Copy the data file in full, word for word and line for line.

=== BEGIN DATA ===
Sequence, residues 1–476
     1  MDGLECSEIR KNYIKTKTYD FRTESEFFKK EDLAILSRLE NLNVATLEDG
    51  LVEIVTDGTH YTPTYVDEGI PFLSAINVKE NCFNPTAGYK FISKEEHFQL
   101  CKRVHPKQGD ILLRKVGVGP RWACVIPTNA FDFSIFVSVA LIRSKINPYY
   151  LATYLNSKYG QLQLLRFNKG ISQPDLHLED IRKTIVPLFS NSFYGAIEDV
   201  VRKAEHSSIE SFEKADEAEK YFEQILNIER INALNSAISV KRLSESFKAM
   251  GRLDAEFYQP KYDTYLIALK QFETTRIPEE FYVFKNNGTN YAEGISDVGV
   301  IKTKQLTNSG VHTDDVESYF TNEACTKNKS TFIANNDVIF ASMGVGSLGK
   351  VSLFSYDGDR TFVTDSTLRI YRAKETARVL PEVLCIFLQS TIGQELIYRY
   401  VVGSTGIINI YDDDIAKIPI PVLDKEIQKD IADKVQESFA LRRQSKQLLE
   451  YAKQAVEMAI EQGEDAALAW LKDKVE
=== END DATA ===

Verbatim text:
Sequence, residues 1–476
     1  MDGLECSEIR KNYIKTKTYD FRTESEFFKK EDLAILSRLE NLNVATLEDG
    51  LVEIVTDGTH YTPTYVDEGI PFLSAINVKE NCFNPTAGYK FISKEEHFQL
   101  CKRVHPKQGD ILLRKVGVGP RWACVIPTNA FDFSIFVSVA LIRSKINPYY
   151  LATYLNSKYG QLQLLRFNKG ISQPDLHLED IRKTIVPLFS NSFYGAIEDV
   201  VRKAEHSSIE SFEKADEAEK YFEQILNIER INALNSAISV KRLSESFKAM
   251  GRLDAEFYQP KYDTYLIALK QFETTRIPEE FYVFKNNGTN YAEGISDVGV
   301  IKTKQLTNSG VHTDDVESYF TNEACTKNKS TFIANNDVIF ASMGVGSLGK
   351  VSLFSYDGDR TFVTDSTLRI YRAKETARVL PEVLCIFLQS TIGQELIYRY
   401  VVGSTGIINI YDDDIAKIPI PVLDKEIQKD IADKVQESFA LRRQSKQLLE
   451  YAKQAVEMAI EQGEDAALAW LKDKVE